Let’s assume that the average adult spends 5 hours every day sitting down in front of their office desk, plus an additional hour during their commute and another hour watching television after work.
This adds up to approximately 7 hours a day and 51 hours a week in a sedentary position sitting down in a chair.
Over their lifetime, this could add up to a whopping 18 years spent sitting down.
This is a big problem.
Several studies have noted that sitting down too much may lead to an increased likelihood of heart disease, diabetes and obesity. 
“Sitting is the new smoking,” is a popular slogan that highlights the profound negative effects sitting can have on your health, happiness and productivity.
If you spend most of your day sitting down in front of a computer, there are effective ‘thoracic mobility exercises’ to undo this damage.
But, first, let’s briefly review what happens to your body when you sit down too much and why this can be bad for your health.
Why is sitting bad for you?
After sitting down for several hours a day, your posture permanently changes to compensate for this new habit.
Over time, your neck, shoulder and head position will move forward away from the proper center. Your hip muscles tighten up and your mid and upper back—called the thoracic spine—will develop an abnormal forward curvature.
This bad posture causes all kinds of problems including back pain, loss of mobility and breathing inefficiencies. 
Most likely, you’ll develop a bad form with any exercise because your posture is out of alignment. I can testify to this because I’ve torn a back muscle whilst exercising due to poor posture from sitting down too much.
If you’re an athlete, the tight hip muscles, weak glutes and abdominal muscles will reduce your performance in any activity due to reduced explosive power and range of movement.
If you want to lose weight, these issues increase the likelihood of injury which prevents you from exercising consistently. Plus, sitting down too much every day has been scientifically linked with weight gain. 
If you want to improve your performance at work, posture problems caused by sitting down for long hours could lead to back and neck pain issues that reduce your productivity and force you to take time off work. Plus, you waste a lot of money visiting doctors to fix this problem.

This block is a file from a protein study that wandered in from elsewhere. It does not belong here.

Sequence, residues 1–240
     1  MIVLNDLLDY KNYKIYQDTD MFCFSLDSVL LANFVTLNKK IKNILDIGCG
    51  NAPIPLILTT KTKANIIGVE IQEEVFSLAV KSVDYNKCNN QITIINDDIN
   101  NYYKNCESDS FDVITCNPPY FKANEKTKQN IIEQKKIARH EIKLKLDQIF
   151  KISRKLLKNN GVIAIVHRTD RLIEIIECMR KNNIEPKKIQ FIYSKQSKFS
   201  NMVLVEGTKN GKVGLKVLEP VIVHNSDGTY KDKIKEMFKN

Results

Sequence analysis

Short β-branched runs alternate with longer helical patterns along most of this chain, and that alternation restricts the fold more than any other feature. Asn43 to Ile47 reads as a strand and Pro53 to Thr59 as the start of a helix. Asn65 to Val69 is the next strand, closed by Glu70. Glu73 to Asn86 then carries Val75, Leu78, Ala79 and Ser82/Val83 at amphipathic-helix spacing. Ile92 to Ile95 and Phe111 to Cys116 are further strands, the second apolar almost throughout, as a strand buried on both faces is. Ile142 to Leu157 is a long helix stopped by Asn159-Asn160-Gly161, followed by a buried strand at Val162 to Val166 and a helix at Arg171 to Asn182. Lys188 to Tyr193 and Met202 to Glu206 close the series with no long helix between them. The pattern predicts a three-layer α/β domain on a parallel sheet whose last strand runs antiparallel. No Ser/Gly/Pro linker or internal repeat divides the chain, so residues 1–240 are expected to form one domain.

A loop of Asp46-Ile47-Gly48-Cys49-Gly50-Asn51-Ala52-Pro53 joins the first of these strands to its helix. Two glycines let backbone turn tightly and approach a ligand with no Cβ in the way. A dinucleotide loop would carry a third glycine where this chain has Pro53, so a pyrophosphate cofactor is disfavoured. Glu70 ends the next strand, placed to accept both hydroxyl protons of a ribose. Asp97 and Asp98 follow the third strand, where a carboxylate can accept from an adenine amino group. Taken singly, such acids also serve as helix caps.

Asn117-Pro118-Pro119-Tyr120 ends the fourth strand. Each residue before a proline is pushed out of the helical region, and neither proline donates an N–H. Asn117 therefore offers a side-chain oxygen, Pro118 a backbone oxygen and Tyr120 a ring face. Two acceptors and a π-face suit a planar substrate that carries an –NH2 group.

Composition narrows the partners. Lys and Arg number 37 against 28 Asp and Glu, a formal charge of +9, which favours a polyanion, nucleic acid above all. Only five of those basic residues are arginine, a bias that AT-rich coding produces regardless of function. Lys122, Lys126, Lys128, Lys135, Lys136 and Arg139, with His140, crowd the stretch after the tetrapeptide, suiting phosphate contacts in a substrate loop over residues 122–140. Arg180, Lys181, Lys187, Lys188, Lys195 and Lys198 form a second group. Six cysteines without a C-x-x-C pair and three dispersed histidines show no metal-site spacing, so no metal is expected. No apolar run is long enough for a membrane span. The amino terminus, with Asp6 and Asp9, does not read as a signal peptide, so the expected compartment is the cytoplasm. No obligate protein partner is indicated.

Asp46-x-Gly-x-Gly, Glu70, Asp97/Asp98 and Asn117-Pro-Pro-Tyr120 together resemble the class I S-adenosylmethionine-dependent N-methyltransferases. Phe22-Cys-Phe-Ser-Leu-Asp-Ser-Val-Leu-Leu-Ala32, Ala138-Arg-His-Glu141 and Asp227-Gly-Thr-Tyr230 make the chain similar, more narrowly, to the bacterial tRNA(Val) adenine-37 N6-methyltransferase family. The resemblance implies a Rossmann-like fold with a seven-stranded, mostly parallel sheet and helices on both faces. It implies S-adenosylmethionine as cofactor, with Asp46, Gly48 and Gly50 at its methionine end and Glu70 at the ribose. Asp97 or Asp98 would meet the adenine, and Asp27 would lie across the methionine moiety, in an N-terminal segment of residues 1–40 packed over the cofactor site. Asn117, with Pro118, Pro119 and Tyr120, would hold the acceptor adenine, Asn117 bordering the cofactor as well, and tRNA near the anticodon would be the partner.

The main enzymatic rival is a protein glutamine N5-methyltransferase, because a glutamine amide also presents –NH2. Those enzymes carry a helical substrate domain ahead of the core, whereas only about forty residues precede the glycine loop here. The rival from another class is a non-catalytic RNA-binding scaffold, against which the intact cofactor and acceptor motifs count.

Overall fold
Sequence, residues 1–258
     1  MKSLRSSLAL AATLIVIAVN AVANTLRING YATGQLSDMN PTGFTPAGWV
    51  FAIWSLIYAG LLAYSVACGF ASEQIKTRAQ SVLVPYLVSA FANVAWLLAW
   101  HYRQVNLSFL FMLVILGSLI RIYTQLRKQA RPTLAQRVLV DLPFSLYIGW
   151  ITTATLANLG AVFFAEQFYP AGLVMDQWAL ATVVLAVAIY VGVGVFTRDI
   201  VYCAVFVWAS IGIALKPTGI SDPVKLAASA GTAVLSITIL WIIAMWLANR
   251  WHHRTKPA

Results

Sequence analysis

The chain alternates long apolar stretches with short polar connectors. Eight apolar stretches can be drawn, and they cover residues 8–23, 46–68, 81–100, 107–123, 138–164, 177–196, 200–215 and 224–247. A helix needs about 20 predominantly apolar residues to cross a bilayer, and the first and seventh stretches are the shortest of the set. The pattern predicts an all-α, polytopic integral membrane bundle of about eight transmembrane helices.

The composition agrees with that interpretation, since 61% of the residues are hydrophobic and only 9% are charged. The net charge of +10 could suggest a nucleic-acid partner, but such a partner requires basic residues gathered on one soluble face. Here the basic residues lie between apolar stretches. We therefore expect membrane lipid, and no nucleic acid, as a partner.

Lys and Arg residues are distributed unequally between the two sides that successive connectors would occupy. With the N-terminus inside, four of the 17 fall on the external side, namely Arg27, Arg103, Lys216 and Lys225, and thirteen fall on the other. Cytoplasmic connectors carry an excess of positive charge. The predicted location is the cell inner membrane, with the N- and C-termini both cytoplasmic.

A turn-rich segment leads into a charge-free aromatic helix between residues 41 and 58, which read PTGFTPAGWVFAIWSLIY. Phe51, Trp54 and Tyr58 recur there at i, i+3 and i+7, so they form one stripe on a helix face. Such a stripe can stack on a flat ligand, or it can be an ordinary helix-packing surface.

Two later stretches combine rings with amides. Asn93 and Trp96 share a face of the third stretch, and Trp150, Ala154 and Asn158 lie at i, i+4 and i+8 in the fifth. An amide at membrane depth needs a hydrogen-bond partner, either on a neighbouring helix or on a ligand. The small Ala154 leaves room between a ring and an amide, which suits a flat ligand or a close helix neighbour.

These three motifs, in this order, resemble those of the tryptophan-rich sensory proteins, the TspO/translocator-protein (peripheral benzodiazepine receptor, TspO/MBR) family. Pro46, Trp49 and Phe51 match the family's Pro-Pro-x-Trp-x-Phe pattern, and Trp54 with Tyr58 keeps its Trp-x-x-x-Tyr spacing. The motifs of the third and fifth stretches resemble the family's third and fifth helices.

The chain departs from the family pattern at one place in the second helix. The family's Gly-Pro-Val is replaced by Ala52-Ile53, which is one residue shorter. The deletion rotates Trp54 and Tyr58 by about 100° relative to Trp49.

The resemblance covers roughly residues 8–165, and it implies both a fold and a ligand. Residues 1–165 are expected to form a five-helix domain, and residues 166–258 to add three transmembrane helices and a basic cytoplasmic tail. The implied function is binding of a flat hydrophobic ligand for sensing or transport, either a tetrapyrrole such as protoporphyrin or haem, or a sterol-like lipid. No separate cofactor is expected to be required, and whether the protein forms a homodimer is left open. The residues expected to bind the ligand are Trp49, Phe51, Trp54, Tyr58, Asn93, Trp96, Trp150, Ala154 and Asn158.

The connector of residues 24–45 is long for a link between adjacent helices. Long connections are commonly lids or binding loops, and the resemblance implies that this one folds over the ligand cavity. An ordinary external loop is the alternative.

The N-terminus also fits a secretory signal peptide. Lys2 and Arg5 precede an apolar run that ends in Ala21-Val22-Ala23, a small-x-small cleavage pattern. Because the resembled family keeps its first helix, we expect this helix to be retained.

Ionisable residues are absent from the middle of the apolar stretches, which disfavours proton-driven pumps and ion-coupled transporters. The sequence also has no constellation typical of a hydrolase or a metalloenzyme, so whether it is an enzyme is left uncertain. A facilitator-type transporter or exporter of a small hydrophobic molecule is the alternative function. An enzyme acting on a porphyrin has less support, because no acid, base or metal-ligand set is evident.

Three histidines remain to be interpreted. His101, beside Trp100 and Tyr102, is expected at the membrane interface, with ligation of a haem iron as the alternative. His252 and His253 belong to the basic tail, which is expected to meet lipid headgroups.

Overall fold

How can we undo the damage of sitting? Here’s a quick 5-minute exercise to reverse the negative effects.
Thoracic Mobility Exercises
Over the years, I’ve struggled with posture problems and severe back pain issues that have affected my productivity, health, and quality of life.
Luckily, I stumbled across various thoracic mobility exercises which helped to relieve my back pain and fix my posture problems.
By far the most effective exercises included a foam roller for back pain.
If you’re not sure what a foam roller is, it’s a foam-filled cylinder that acts as a ‘self-massage’ device.
These are available in most gyms, but I’d recommend you purchase your own foam roller to keep at home.
When I suffered from back pain, I used my foam roller 5 minutes in the evening before bed and 5 minutes before every workout.
After 3 weeks, my back pain reduced significantly and my thoracic mobility improved a lot.
Here’s why foam roller exercises for thoracic mobility can be so powerful:
- Cost-effective. The return on investment from a foam roller greatly outweighs the amount of money that you would have spent on the physio, chiropractors, personal trainers and doctors for posture-related issues.
- Time-saving. For a short time of 5 minutes a day spent on the foam roller and thoracic mobility exercises, you save more time that could have been wasted due to injuries and illness.
- Convenience. In the comfort of your home, you can do these exercises without the need of any additional equipment and even while watching your favorite tv show.
There’s a wide variety of foam roller exercises for thoracic mobility that you can find online. However, here’s one thoracic mobility exercise that has helped me to improve my health.
Thoracic Mobility Foam Roller Tutorial
Here’s a quick 5-minute demonstration and tutorial from a health expert, Paul Chek, to improve your thoracic mobility, health and performance.
All you need is a foam roller to perform this exercise routine. Then, simply dedicate 5 minutes a day for 4 weeks and you’ll see how much your health improves through better thoracic mobility.
2. C.H.E.K Institute article highlights the effects posture on breathing and exercise.
3. In one study, researchers discovered that obese people spent an average of 2 hours sitting longer than lean people.